Life for these kids revolved around school, tuition, shopping malls and computer games. What they did not know, they felt they didn’t need to know.

And yet, they wanted to go to Cambridge or Stanford and wanted to do well in their interviews and essays; but they had nothing much to say about themselves and their interests beyond the string of A1s for which they were rewarded and their parents applauded. Eleven A1s and not an ounce of zest to spare does not a successful life make.

At the other end of the scale, I do meet students and young people who are far from shy and disengaged. They have friends from different races and different countries, they read voraciously, they go to museums, concerts, plays, they backpack to the islands off Malaysia and Thailand and through God-forsaken countries of the world, they listen to world music, they speak their minds.

I meet young university students who dare to organise events outside the campuses, campaigning against the UUCA and dirty student elections, giving free tuition to squatter kids, cooking free food for the homeless, hanging out with non-governmental organisation activists and theatre practitioners.

These young people live their lives to the full, ever teetering on a fine balance between family, friends, fun and studies or a budding career of their choice.

What makes them different? For some, it might be class, but for most others, it is exposure.

Whether growing up in a family that eats, reads and talks together, or getting exposed to the works of Alice Walker and Maya Angelou in English class, or having a lecturer who loves the theatre and drags his students to all the plays in KL, or meeting an inspiring aging ex-student leader who wanted to join the university social club but ended up in the socialist club.

By design or by accident, it is exposure to adults who opened up their minds to other possibilities in life that made a difference to the lives of these effervescent young people.

A friend’s 15-year-old daughter complained how the teachers at school (a premier school, mind you) say no to everything suggested by the students — be it to organise a talentime (what would parents say if you kids wear sexy clothes), a Halloween party with the neighbourhood children (oh no, it’s Western culture), dance and music classes (cannot, must "jaga diri"), regular field trips to museums, orphanages, school for the blind (too many permissions to ask, forms to fill and transport to organise).

That many of the shy, unassertive students and young graduates have potential is without doubt.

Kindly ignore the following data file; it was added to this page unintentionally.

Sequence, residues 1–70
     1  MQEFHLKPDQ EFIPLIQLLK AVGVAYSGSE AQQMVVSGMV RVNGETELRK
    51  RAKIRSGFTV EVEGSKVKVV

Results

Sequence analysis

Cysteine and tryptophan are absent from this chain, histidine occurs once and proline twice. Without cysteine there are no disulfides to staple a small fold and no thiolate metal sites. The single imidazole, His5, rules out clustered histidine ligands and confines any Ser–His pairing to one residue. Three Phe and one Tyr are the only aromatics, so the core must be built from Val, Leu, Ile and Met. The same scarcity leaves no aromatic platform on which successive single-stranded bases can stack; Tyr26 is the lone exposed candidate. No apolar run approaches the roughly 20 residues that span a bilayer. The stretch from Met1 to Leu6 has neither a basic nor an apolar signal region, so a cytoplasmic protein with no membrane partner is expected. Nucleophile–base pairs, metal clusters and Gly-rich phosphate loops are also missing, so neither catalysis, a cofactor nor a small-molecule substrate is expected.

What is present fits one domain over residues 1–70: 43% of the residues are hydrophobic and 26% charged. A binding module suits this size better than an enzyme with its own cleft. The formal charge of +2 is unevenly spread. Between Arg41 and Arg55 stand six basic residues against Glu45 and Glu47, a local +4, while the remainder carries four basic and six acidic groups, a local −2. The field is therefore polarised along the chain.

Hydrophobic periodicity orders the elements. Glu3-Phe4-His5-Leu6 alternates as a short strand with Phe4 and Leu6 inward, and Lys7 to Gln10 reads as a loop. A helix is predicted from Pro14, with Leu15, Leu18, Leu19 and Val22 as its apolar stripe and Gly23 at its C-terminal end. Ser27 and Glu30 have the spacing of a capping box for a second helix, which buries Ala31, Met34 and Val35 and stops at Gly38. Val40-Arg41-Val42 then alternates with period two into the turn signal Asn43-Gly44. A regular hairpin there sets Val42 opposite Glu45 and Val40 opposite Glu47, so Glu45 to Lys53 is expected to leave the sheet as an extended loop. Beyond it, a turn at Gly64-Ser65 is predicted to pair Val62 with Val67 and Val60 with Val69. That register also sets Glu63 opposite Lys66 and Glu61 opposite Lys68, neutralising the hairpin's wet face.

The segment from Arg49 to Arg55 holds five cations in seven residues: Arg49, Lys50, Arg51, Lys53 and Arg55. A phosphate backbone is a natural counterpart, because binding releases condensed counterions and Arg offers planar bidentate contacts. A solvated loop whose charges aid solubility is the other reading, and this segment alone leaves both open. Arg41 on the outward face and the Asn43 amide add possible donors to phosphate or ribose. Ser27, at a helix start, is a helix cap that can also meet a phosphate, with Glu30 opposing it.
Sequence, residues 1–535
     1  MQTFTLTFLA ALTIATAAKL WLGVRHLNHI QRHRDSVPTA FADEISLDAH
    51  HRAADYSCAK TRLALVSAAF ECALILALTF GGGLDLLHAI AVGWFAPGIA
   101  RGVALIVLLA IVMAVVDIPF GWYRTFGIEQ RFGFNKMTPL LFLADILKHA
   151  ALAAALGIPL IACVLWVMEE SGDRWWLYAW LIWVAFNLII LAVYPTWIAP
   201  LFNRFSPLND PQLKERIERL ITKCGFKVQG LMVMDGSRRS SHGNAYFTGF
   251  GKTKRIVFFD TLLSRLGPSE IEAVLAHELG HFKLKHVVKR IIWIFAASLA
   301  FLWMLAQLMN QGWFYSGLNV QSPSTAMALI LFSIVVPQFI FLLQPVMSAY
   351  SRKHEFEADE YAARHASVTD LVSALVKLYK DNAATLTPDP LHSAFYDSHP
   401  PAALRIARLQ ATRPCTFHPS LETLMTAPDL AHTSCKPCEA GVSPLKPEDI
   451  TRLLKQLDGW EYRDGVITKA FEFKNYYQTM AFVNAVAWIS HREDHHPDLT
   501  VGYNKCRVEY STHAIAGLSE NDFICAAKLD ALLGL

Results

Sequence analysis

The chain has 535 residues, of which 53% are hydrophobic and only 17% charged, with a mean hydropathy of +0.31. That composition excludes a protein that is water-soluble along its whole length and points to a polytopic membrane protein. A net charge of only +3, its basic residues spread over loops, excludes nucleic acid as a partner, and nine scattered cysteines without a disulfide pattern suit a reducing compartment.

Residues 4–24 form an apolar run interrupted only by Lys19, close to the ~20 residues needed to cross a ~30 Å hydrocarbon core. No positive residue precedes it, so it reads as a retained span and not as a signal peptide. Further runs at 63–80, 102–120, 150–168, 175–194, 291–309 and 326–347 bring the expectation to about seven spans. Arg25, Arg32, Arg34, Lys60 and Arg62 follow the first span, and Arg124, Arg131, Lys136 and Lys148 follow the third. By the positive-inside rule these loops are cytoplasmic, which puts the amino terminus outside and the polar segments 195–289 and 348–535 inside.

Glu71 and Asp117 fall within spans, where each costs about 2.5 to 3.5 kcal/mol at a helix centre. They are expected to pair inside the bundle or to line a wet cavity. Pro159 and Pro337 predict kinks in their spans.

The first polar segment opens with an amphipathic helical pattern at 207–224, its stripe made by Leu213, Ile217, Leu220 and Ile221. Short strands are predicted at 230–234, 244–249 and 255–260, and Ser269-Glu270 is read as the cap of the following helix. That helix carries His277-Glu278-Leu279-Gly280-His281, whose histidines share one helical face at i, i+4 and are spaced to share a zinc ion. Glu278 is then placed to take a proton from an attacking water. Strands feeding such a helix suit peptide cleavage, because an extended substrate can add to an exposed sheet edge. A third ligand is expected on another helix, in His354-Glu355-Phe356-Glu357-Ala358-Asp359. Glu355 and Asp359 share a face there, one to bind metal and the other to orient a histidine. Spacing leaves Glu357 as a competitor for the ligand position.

The tragedy is we adults have failed them as we pour cold water over their ideas or just remain indifferent to their natural instinct to explore, discover, innovate, take risks, be different. It is our fault because we shut the doors and windows on them.

Bruce Metzger went home on Feb 13


Princeton, NJ, February 15, 2007–Dr. Bruce Manning Metzger, New Testament professor emeritus at Princeton Theological Seminary and one of the preeminent American New Testament critics and biblical translators of the twentieth century, died February 13, 2007, at the University Medical Center at Princeton, at the age of 93.

Bruce Metzger was born in Middletown, Pennsylvania on February 9, 1914. After gaining a B.A. from Lebanon Valley College in 1935, he entered Princeton Theological Seminary, graduating with a Th.B. in 1938. So began a life-long association with Princeton Theological Seminary during which Bruce Metzger became not only a legend himself but also one of the school's greatest intellectual ornaments. He was ordained in the United Presbyterian Church (now the PCUSA) in 1939. In 1944 he married Isobel Elizabeth, the elder daughter of John Alexander Mackay, the great third president of the Seminary, who rebuilt and revitalized the school after the divisions of the 1920s. Bruce Metzger's sheer brilliance, clarity, and Christian devotion set a standard all of his own. He taught while he continued to study (Princeton University, M.A. [1940], Ph.D. [1942], Classics), serving as teaching fellow in New Testament Greek 1938–40 and as instructor in New Testament 1940–44. He was appointed assistant professor 1944–48; associate professor 1948–54 and professor 1954–84. He was named the George L. Collord Professor of New Testament Language and Literature in 1964. He retired in 1984 and was named professor emeritus.